Monday, March 12, 2007

What Really Happened? Pearl Harbor

Pictured: Nara Pagoda, courtesy of Fuji Film staff

by Brent Sutherland

"The first step was to place oil and steel embargoes on Japan, using
Japan's wars on the Asian mainland as a reason. This forced Japan to
consider seizing the oil and mineral rich regions in Indonesia. With
the European powers militarily exhausted by the war in Europe, the
United States was the only power in the Pacific able to stop Japan
from invading the Dutch East Indies, and by moving the Pacific fleet
from San Diego to Pearl Harbor, Hawaii, Roosevelt made a pre-emptive
strike on that fleet the mandatory first step in any Japanese plan to
extend it's empire into the "southern resource area."


The more I think about this whole "FDR had specific
foreknowledge of an attack at Pearl Harbor" theory the
more I think it doesn't stand up to reason and logic.
Here's why, in no particular order:

1. FDR's wanted war with Germany, not Japan. There was
no way he could know in advance that Japan's
declaration of war would cause Germany to declare war
on the US. The Tripartite Pact only required that it's
members respond to an attack on another member. Hitler
could quite reasonably say that Japan had attacked the
US first, therefore he was under no obligation to
declare war on the US. That's precisely the reason
Japan did not feel obligated to declare war on the
Soviet Union and UK when Hitler did. Given the way
Hitler had betrayed Stalin, no one could predict
exactly how he would respond to a Japanese attack on
the US.

2. It just wouldn't be possible for FDR to micromanage
naval operations at Pearl Harbour from the White House
in order to create an enticing target. The president
just does not make the decisions concerning which
vessels are in port on any given day, or how aircraft
are parked, etc.

3. The decision to declare war on the US had already
been made by the Japanese cabinet. The Pearl Harbor
attack was just the military expression of the
cabinet's intention to commence hostilities. The idea
that Japan declared war on the US just because Pearl
Harbour was a juicy target does not make sense. There
were larger issues such as the oil embargo that had
nothing to do with the inadequacies of day to day
operations at Pearl.

4. An attack at such long range by carrier was totally
unprecedented. That it was outside the imagination of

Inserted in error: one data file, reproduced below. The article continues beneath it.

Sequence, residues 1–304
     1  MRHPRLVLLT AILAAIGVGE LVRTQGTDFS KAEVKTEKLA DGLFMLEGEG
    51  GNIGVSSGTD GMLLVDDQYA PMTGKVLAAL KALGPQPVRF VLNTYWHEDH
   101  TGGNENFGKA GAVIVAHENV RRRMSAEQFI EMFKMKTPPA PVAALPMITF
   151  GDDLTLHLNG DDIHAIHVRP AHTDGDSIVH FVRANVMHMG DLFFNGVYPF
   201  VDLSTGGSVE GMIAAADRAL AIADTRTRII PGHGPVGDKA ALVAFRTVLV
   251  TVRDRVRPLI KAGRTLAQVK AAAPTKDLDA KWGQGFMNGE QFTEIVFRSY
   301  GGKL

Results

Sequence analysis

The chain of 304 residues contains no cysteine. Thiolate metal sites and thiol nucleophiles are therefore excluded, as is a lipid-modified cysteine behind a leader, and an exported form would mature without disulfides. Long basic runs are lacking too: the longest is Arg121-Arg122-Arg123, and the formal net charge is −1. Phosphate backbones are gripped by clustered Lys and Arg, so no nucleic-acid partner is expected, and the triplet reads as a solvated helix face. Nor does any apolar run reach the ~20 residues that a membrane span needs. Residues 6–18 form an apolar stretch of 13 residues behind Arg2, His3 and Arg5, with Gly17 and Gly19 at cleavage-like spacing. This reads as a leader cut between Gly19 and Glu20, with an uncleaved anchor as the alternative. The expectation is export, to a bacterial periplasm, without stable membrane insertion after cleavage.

USN planners only proves that they didn't have very
broad imaginations.

5. If the USN had of engaged Nagumo's fleet at sea,
the war would have commenced in any case. FDR and the
USN would have looked very good, instead of
incompetent and the declaration of war still would
have been delivered in Washington. I'm pretty sure a
JIN fleet sneaking up on Hawaii would be a good enough
reason for war to suit the average American at the
time in any case.

6. Buy the fall of 1941 isolationist sentiment was
ebbing in the US. The USN had already depth-charged
U-boats in the Atlantic and lend-lease was in full
swing. Therefore US entry into the war in Europe was
already becoming inevitable, regardless of events in
the Pacific.

7. There was no way FDR could be assured of winning a
war with Japan. The idea that FDR would intentionally
seek a two-ocean war does not make sense. In fact, the
momentum in the Pacific war did not shift in favour of
US/Commonwealth forces until the battle of Midway in
June 1942.

8. What if USN patrols or merchant vessels had of
spotted the Nagumo fleet by chance? Did FDR have a
plan where Nagumo would be advised that his cover was
not blown despite, say..that Catalina that flew past?
After all, the Japanese were surprised at just how
lucky they got in avoiding detection. Was every
American fishing boat, etc. operating out of Hawaii in
on the whole scheme?

9. There was no way FDR could have known that the
Strike South faction had won out over the Strike North
faction back in Tokyo. Richard Sorge was well aware of
the situation, but it's very unlikely that Stalin
would have passed on Sorge's intel to the US.

10. A total catastrophe is very bad way to start a war
no matter how much said war is desired. The notion
that the loss of a vessel such as the USS Arizona
could be written just because she was "old" is absurd.
She was 25 years old at the time of her sinking. She
had her systems upgraded over the years and in fact
was undergoing radar installation at the time she was
sunk. The present USS Nimitz is now 32 years old, but
I doubt the USN brush off her loss. FDR was an
intelligent man of good character, so planning to have
the JIN sink a few battleships at Pearl just wouldn't
be his style.

"Roosevelt boxed in Japan just as completely as Crassus had boxed in
Spartacus. Japan needed oil. They had to invade Indonesia to get it,
and to do that they first had to remove the threat of the American
fleet at Pearl Harbor. There never really was any other course open to

This was originally published as a post at our Japan Living Forum.

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